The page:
5. Bring documents and witnesses that will help prove your claim or defend against the claim. 
    • You need to bring at least three copies of each document you intend to use as evidence – one for you, one for the other party, and one for the judge.
    • If a witness refuses to come to court to testify, you can have the court issue a subpoena (order to come to court) in advance of the trial.  Make sure to ask the clerk’s office for a subpoena well in advance of your hearing.
    • Bring physical evidence.  This includes canceled checks, contracts, or invoices related to the case.  Photographs are important as well.  If you are seeking compensation for damage to an item, bring the item, or if this is not possible, bring photographs of the damage.  If possible, bring a photo of the object before it was damaged.  It is also a good idea to bring in defective parts, if they are related to the case. 
  6. The Plaintiff will proceed first.  If you are the Plaintiff, you will tell the court why you brought this lawsuit and what you want to happen.   This is also when the Plaintiff may call witnesses.   The Plaintiff can call the Defendant as a witness, and the Defendant may call the Plaintiff as a witness.
  7. After the Plaintiff is finished, the Defendant may then be given the opportunity to ask questions of any of the Plaintiff’s witnesses.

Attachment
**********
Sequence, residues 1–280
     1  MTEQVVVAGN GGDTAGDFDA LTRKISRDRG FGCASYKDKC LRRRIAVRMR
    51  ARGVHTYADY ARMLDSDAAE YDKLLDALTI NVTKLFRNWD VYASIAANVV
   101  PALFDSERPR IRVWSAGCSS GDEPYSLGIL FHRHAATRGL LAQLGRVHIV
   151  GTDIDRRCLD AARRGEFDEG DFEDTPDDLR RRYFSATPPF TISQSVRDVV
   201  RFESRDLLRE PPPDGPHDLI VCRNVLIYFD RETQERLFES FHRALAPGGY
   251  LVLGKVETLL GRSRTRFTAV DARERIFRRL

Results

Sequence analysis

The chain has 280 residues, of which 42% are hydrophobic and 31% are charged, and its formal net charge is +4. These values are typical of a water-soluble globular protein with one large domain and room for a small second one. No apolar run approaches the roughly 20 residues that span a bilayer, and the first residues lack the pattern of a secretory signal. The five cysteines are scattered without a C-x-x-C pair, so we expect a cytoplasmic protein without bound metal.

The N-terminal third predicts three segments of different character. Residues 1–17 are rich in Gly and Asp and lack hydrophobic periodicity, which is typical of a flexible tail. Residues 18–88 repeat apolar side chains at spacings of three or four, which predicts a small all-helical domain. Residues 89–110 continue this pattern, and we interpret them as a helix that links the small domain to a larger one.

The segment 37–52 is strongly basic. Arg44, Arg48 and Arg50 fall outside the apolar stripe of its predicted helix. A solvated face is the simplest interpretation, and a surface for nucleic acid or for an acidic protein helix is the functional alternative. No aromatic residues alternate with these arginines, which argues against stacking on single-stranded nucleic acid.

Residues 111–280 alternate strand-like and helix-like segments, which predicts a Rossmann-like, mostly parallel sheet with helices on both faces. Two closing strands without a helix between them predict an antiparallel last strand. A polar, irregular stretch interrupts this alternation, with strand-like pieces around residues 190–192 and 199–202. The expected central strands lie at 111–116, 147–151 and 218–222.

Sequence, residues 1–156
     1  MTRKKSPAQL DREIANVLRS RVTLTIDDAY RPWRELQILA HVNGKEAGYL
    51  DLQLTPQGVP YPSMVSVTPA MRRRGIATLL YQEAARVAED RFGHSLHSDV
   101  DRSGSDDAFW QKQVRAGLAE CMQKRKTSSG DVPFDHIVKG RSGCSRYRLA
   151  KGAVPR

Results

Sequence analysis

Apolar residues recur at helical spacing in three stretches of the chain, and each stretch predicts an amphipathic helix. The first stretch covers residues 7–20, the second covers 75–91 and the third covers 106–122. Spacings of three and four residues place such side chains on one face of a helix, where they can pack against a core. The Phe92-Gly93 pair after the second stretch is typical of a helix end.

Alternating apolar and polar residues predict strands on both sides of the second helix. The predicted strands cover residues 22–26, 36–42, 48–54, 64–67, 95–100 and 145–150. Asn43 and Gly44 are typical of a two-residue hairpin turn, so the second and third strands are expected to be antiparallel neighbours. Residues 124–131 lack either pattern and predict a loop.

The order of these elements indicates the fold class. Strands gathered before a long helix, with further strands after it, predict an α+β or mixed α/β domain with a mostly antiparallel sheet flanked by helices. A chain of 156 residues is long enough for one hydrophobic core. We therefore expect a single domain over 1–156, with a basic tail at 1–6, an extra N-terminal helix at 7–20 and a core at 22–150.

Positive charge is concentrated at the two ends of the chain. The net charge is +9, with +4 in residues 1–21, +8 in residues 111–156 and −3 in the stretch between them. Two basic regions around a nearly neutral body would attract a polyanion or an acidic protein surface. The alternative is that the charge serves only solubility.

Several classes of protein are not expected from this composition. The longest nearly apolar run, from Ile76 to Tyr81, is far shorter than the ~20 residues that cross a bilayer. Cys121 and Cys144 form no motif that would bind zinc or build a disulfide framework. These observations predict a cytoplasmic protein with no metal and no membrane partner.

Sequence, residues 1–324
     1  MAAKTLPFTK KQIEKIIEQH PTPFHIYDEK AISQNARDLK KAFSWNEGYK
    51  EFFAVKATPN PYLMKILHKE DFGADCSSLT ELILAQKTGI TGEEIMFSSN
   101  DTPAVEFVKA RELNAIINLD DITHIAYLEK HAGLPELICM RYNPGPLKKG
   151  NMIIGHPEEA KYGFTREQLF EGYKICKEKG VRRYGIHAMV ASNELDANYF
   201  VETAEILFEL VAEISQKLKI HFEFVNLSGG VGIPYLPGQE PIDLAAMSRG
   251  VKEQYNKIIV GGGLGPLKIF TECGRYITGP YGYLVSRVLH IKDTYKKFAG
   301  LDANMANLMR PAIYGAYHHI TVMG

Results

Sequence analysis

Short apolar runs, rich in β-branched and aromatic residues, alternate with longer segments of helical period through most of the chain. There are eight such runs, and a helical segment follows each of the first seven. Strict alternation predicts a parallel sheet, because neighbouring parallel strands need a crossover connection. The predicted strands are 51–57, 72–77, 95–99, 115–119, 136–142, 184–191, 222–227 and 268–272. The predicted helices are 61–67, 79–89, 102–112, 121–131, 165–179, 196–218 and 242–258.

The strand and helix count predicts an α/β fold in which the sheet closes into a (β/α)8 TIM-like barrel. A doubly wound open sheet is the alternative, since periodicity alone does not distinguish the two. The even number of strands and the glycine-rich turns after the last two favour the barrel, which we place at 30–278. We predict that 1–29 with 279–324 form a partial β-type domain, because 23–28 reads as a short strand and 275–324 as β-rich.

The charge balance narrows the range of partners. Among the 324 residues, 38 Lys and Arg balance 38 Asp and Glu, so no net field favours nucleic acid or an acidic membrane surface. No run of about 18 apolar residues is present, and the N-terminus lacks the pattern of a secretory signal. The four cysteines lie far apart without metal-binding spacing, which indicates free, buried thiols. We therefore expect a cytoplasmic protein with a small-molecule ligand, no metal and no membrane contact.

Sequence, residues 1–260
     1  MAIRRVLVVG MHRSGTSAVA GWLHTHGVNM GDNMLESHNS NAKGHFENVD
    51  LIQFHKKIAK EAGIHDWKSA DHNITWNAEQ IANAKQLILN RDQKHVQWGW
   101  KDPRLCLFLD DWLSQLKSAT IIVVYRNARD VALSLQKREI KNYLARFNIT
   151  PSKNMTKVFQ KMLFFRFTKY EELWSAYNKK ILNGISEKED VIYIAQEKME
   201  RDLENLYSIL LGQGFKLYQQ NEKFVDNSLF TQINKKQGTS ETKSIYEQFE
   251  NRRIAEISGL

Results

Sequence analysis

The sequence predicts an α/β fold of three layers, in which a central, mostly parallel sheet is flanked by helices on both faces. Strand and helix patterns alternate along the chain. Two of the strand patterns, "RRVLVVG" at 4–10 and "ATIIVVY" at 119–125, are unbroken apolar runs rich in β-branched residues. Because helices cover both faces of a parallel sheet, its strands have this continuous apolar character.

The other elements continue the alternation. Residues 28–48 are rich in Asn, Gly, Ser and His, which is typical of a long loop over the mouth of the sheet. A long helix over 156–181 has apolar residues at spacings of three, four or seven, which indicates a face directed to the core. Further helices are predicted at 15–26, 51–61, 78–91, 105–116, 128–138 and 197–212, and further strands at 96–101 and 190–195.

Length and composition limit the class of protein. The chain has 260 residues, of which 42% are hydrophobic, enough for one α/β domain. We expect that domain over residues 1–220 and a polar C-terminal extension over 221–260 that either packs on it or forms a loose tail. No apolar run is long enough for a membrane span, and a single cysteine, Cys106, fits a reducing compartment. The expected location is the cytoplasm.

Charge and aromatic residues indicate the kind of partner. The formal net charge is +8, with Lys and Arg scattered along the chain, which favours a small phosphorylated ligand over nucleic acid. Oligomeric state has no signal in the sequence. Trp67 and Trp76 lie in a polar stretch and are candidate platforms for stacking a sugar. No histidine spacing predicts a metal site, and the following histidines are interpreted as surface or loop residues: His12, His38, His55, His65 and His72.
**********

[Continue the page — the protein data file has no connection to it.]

8. When the Plaintiff is done calling witnesses, it is the Defendant’s turn to present evidence about the case.  
  9. When the Defendant is done presenting evidence, the Plaintiff is permitted to ask questions of the Defendant’s witnesses.
  10. At the conclusion of the testimony, you will be permitted to argue your position to the Judge, basing your arguments on the testimony and evidence presented at trial.  Be brief and present your argument to the Judge in a calm, methodical, concise and professional manner. 
  11. The Judge will often make a decision on the case right away; or may call a recess for a few minutes, while making the decision; or the Judge may send everyone home, and will mail a decision to all the people involved.  Sometimes this can take several weeks. 
  12. Usually both sides of a case do not get everything they ask for in a lawsuit.  You will have to live with this decision and obey and orders the Judge gives.  In some very limited circumstances, you can appeal the Judge’s ruling.